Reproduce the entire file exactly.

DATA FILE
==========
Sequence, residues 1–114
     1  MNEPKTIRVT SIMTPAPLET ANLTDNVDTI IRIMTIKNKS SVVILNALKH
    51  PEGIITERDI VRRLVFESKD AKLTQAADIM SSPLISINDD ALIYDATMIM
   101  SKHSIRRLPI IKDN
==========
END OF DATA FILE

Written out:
Sequence, residues 1–114
     1  MNEPKTIRVT SIMTPAPLET ANLTDNVDTI IRIMTIKNKS SVVILNALKH
    51  PEGIITERDI VRRLVFESKD AKLTQAADIM SSPLISINDD ALIYDATMIM
   101  SKHSIRRLPI IKDN